If we are to believe Department of Prime Minister and Cabinet secretary Martin Parkinson, however, the solution is simple: get public servants to think about policy implementation.

“We can better integrate policy design and implementation,” Parkinson says. “And not just in a linear way, but in an adaptive and flexible feedback loop which captures learning of the past and embraces future opportunities.” (This is how public servants in Canberra speak, by the way. Hands up those not in favour of adaptive and flexible feedback loops.)

In a speech to the Australasian Implementation Conference (no, I am not making this up), Parkinson concludes that “creating ‘policy communities’ of those who are making policy, those implementing policy on the ground or those working in think tanks enables us to be constantly environment scanning, allowing us to see earlier and more clearly the opportunities for better outcomes, as well as identifying the emerging or inherent risks in our approaches”.

I guess he had the home insulation program or the VET FEE-HELP in mind when he referred to the inherent risks. And who doesn’t love a bit of environment scanning? I’m always environment scanning — staring out the window of my study wondering what I’m going to write about next.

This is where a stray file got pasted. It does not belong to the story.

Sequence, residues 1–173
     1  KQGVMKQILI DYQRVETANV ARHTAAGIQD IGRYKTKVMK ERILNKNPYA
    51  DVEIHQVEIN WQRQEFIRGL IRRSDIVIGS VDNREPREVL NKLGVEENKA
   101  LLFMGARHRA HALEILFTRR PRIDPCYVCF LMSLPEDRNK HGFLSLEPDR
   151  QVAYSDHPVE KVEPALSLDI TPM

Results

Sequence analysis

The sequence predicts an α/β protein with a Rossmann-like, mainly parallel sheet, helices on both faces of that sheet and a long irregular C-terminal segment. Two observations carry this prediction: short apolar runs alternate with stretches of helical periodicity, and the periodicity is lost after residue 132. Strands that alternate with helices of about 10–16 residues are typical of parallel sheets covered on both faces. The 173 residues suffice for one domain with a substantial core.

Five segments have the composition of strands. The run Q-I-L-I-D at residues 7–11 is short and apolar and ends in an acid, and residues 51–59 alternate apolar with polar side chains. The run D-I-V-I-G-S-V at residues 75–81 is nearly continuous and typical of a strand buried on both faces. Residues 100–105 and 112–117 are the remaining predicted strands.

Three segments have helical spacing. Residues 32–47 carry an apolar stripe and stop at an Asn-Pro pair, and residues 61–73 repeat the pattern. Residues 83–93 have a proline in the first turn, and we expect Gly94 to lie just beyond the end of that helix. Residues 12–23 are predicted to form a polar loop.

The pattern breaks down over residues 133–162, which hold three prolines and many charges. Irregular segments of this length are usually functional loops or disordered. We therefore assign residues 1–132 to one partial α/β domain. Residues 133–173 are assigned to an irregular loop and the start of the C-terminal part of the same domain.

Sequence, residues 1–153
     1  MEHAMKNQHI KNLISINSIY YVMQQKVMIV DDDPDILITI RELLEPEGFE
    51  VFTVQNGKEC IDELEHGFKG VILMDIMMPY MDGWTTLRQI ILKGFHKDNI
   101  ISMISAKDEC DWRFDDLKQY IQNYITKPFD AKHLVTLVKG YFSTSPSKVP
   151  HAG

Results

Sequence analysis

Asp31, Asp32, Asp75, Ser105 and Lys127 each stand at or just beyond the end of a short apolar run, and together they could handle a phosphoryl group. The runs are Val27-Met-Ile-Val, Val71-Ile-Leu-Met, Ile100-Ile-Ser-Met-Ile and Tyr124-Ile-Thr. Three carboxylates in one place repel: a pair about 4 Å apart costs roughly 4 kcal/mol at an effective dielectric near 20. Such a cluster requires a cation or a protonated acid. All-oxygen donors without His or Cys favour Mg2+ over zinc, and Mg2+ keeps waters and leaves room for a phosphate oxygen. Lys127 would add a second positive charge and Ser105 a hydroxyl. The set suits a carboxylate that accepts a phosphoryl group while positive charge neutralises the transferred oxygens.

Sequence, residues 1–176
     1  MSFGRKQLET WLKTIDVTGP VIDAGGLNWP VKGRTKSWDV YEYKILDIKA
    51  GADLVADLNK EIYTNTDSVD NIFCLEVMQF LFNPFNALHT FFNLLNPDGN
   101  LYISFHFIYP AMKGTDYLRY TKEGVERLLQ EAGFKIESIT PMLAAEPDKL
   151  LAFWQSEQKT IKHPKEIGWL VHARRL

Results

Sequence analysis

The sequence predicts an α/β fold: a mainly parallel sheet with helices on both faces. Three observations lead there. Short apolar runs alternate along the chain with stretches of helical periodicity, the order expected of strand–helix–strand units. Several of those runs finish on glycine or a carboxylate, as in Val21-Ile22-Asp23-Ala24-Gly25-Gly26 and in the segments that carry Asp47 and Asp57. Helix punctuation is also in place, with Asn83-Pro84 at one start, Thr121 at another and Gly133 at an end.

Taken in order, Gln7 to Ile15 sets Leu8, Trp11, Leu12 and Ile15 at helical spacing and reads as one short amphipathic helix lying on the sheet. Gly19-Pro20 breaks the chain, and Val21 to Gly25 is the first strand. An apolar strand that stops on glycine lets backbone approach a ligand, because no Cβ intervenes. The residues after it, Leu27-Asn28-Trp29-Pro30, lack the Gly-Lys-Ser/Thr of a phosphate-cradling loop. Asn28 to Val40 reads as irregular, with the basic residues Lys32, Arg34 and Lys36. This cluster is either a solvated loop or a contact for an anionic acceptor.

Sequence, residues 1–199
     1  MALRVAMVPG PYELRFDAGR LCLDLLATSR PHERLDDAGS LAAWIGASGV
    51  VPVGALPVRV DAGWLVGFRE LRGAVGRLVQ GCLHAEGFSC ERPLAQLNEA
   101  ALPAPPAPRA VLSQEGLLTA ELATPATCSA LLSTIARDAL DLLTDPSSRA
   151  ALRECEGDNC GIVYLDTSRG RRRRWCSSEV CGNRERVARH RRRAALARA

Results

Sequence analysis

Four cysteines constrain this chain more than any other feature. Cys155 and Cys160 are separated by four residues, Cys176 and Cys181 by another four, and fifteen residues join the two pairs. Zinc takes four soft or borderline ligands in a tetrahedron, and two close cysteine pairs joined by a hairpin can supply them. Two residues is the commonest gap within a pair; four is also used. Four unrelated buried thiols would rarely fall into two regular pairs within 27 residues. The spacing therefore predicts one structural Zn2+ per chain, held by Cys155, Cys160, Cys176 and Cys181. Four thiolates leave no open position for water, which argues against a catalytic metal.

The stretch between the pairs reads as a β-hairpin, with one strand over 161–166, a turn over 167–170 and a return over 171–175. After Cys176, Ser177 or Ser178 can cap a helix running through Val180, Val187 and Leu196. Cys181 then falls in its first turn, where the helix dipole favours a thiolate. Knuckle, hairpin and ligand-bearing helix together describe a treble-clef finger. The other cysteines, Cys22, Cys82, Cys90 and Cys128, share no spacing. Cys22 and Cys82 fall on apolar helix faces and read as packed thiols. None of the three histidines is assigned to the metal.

But here’s a tip, Martin: what about telling the politicians that they shouldn’t even think of intervening or spending precious taxpayer funds no matter how worthy the objective of the proposed program might be?

But this is not his mindset: “Good public servants are always asking how things can be done better, what changes could be implemented to improve effectiveness, reduce risk and deliver better outcomes for the people of Australia.” The idea of terminating policy, exiting an area or advising politicians to do nothing simply doesn’t occur to him, it would seem.

Let’s face it, Martin, we have all the tools in our economists’ kit bag to know that there are certain situations where the benefits of policies will never exceed their costs. Asymmetric information, high compliance costs, bounded rationality, ill-defined outcomes: these are some of the reasons governments should take the decision to leave well enough alone.

There may be deficiencies in the unfettered situation but it is naive and extraordinarily expensive always to think it can be made better through government intervention and funding.

Sadly, this possibility doesn’t seem to occur to Parkinson. Indeed, he is very enthusiastic about the unit within his department that uses behavioural economics (does anyone think this has been a useful development in economics?), “so we can design policy that is more sensitive to a citizen’s likely interaction with that policy”.